- Jukka T Salonen, academy professor,
- Kristiina Nyyssonen, research associatea,
- Tomi-Pekka Tuomainen, research associatea,
- Pekka H Maenpaa, professorb,
- Heikki Korpela, assistant professorc,
- George A Kaplan, chiefd,
- John Lynch, research scientistd,
- Susan P Helmrich, research scientistd,
- Riitta Salonen, research scientista
- aResearch Institute of Public Health, University of Kuopio, PO Box 1627, 70211 Kuopio, Finland
- bDepartment of Biochemistry and Biotechnology, University of Kuopio
- cDepartment of Community Health and General Practice, University of Kuopio
- dHuman Population Laboratory, California Department of Health Services, Berkeley, California, USA
- Correspondence to: Professor Salonen.
Objective: To investigate whether low vitamin E status is a risk factor for incident non-insulin dependent diabetes mellitus.
Design: Population based follow up study with diabetes assessed at baseline and at four years.
Setting: Eastern Finland.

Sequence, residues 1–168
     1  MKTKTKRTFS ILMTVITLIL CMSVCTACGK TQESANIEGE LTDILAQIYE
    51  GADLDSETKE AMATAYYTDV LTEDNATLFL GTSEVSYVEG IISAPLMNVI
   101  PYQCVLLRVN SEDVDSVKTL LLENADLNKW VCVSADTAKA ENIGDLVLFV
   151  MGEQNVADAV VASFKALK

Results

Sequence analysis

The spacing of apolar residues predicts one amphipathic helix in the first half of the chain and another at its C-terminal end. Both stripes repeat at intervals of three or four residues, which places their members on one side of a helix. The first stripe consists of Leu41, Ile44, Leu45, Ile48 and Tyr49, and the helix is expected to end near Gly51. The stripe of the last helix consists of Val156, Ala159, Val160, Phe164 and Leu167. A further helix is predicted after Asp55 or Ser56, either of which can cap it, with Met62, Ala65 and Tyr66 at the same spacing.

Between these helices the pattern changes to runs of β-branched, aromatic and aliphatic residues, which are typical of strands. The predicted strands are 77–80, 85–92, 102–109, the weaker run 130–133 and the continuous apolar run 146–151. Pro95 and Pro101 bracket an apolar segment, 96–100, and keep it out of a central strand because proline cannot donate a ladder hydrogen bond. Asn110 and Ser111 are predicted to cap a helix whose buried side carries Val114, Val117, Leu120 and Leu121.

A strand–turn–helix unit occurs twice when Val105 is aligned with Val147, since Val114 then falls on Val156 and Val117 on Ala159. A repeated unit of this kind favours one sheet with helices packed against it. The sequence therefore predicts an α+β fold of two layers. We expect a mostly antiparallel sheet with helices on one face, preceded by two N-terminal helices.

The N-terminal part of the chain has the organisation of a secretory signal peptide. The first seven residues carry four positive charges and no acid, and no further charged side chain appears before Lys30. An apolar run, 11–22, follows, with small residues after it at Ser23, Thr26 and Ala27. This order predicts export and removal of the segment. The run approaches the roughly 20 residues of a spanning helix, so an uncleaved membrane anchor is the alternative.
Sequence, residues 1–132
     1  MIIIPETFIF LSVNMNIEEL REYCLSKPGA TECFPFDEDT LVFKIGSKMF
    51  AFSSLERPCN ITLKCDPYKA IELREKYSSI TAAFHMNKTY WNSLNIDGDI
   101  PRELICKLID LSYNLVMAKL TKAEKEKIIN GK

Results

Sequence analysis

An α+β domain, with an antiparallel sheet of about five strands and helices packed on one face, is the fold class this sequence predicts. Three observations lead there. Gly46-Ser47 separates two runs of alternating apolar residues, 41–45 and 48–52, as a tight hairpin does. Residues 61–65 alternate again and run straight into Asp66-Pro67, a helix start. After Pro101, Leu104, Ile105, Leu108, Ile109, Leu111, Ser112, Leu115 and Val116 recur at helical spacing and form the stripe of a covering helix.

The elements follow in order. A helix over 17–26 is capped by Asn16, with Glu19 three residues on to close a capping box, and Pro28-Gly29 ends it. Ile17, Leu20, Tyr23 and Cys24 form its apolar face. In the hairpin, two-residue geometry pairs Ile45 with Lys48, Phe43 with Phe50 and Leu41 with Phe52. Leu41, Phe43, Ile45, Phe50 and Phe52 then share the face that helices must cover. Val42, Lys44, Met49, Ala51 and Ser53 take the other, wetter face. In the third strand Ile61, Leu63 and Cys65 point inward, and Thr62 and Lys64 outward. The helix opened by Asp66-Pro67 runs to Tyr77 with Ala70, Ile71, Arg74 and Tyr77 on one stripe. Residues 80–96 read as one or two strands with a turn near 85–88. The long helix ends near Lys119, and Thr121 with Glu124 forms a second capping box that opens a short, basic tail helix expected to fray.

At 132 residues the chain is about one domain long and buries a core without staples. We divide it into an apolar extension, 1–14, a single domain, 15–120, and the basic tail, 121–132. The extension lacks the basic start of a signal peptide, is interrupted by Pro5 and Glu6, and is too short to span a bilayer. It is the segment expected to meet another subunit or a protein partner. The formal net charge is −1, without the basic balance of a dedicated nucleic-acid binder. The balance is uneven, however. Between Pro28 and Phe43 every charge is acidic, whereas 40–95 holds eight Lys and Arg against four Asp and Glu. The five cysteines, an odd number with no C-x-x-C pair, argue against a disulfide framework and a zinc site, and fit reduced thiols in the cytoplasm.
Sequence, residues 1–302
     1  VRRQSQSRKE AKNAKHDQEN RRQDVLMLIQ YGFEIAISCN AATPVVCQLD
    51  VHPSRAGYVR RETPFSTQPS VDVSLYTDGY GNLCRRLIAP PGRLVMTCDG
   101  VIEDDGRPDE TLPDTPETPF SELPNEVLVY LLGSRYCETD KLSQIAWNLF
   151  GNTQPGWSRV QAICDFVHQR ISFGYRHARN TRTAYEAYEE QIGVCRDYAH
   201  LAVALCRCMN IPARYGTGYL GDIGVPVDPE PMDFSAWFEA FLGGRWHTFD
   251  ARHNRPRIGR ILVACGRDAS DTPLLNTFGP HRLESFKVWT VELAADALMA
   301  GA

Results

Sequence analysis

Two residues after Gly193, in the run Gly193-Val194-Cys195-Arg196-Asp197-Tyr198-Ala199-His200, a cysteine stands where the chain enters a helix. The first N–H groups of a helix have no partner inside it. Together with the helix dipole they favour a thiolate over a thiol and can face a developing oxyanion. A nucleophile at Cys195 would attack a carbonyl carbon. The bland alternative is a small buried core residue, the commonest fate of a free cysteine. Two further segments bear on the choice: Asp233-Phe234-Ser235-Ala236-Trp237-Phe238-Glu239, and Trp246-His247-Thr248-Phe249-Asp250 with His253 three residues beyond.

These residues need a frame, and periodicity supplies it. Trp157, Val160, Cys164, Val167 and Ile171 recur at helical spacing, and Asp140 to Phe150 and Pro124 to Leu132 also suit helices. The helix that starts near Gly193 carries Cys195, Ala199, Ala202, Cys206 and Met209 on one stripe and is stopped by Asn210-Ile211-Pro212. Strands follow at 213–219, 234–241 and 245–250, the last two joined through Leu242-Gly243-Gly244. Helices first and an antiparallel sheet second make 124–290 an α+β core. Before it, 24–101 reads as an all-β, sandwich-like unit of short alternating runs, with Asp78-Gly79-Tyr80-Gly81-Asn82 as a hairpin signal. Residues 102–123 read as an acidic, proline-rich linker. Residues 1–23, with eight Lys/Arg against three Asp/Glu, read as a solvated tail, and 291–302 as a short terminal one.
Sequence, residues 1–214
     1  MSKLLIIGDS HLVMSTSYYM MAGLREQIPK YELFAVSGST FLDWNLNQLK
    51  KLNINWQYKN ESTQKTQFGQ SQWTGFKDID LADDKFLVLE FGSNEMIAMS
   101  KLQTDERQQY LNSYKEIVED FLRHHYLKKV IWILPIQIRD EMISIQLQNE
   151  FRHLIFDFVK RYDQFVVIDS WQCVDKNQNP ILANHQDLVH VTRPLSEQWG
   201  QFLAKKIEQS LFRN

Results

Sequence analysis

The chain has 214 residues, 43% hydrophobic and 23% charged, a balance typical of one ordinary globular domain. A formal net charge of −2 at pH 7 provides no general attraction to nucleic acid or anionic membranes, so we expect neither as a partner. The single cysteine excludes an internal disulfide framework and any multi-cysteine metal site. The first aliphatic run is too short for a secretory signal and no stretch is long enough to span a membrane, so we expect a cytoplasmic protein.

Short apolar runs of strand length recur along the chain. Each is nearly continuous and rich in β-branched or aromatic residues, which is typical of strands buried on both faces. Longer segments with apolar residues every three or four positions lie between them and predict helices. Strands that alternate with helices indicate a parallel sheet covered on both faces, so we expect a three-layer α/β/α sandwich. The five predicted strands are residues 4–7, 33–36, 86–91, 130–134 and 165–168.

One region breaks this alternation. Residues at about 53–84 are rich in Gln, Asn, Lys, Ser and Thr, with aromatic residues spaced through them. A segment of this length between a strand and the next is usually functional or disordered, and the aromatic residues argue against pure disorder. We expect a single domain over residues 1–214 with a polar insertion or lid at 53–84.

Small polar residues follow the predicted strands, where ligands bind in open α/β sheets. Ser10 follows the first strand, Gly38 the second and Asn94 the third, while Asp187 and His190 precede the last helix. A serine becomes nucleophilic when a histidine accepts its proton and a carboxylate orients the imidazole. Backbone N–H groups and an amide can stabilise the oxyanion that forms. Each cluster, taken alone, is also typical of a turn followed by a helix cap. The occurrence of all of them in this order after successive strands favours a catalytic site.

Subjects: Random sample of 944 men aged 42-60 who had no diabetes at the baseline examination.
Intervention: Oral glucose tolerance test at four year follow up.
Main outcome measures: A man was defined diabetic if he had either (a) a fasting blood glucose concentration >/=6.7 mmol/l, or (b) a blood glucose concentration >/=10.0 mmol/l two hours after a glucose load, or (c) a clinical diagnosis of diabetes with either dietary, oral, or insulin treatment.
Results: 45 men developed diabetes during the follow up period. In a multivariate logistic regression model including the strongest predictors of diabetes, a low lipid standardised plasma vitamin E (below median) concentration was associated with a 3.9-fold (95% confidence interval 1.8-fold to 8.6-fold) risk of incident diabetes. A decrement of 1 µmol/l of uncategorised unstandardised vitamin E concentration was associated with an increment of 22% in the risk of diabetes when allowing for the strongest other risk factors as well as serum low density lipoprotein cholesterol and triglyceride concentrations.
Conclusions: There was a strong independent association between low vitamin E status before follow up and an excess risk of diabetes at four years. This supports the theory that free radical stress has a role in the causation of non-insulin dependent diabetes mellitus.
Funding The Academy of Finland; the Finnish Ministry of Education; and the National Heart, Lung and Blood Institute of the United States (grant HL44199).
Conflict of interest None.